He says parents should encourage minors to explore; they should take them to popular tourist sites.

Role of parents

John Nzayisenge, a parent and the director of Good Harvest School in Kigali, is of the view that parents should first and foremost asses their children’s performance during the term; it’s easy to guide a learner during the holidays based on how they performed at school.

He says parents shouldn’t be harsh or disappointed by their children’s performance, instead, they should focus on what they think could have helped boost their children’s performance. And this should be part of the activities during the holidays to help them do better next term.

“It doesn’t matter if a student performed well or not, it’s a parent’s responsibility to guide them on what to do next. For instance, if the results are good, continue supporting them. If they didn’t do well, use the holiday to help them improve,” Nzayisenge says. 

At home, he says, parents should be in the position to mentor their children, and help them be productive. Alternatively; they (parents) can look for mentors to counsel them differently —academically, spiritually and even socially.

Due to the increased cases of childhood obesity, Francis Kazungu, a general practitioner, says parents should ensure that their children stay healthy throughout the holiday period.

He adds that this should be done by letting children engage in health activities, such as playing football, running, among other things.

“Apart from just maintaining good health, such activities will help students keep their mind busy, make their body physically fit and greatly reduce their chances of engaging in risky sexual behaviours or drug abuse,” he says.

Mutabazi says parents play a vital role in their children’s education.

He says parents should take up responsibilities such as; ensuring the child is not exhausted, discussing problems with them, monitoring their activities, and maintaining a balance between leisure and study, among others.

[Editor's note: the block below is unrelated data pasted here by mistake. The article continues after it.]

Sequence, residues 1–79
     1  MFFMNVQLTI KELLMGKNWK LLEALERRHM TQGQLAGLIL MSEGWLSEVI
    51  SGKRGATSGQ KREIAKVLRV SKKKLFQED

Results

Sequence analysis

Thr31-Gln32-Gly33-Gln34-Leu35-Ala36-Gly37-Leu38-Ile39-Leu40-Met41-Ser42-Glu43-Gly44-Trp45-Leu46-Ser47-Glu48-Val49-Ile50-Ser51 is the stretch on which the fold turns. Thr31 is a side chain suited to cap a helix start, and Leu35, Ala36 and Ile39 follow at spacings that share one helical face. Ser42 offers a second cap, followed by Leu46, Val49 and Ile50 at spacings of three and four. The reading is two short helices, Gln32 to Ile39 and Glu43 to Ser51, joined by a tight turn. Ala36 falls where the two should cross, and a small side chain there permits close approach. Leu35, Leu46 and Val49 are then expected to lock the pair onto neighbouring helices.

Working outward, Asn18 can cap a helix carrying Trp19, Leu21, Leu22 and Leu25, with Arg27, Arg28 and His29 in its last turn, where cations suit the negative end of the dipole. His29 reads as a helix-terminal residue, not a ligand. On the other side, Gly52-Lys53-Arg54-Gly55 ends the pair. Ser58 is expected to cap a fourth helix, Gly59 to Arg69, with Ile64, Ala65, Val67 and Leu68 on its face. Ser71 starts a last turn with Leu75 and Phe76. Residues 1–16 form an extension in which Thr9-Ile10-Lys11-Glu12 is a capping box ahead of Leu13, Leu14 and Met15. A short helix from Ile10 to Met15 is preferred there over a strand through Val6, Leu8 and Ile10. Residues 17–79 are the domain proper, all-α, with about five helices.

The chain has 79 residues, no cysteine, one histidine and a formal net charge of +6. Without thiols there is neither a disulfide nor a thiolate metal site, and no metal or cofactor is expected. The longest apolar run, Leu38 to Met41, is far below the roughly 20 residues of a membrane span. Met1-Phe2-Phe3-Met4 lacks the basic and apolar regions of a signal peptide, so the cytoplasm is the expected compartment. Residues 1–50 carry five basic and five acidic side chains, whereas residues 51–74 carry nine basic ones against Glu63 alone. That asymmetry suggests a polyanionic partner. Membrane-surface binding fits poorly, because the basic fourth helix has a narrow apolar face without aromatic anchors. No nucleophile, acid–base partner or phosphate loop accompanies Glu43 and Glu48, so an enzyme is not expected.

“Teaching children with thoroughness requires time. As parents, we want the best for our children, and the best we can give them is the right kind of education,” Mutabazi says.

He adds that parents’ attitude towards their children’s education can inspire them, and show them how to take charge of their own educational journey. Through proper guidance, parents can help their children organise their time to learn new things in and out of school.

people share their views

Sam Nkulanga, Teacher at Mother Mary Complex, Kibagabaga

Parents should allocate time for their children to watch television, especially programmes that are educational, like documentaries. This will break the monotony of studying.

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Joline Ineza, University student

Involving minors in community activities like Umuganda will be of use. Parents should ensure that their children engage in such activities and, also explain to them how important it is.

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Enock Musengimana, Parent

Slow learners, or students with difficulty in certain subjects should get tutors to help them out. However, this shouldn’t be throughout the entire holiday, they should get some time to relax as well

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Angie Dusabe, Student at University of Kigali

Learning something new, like how to cook or any other house chore, is important. Also, parents should encourage their children to learn about culture and take them to visit grandparents.

Compiled by Lydia Atieno

editorial@newtimes.co.rw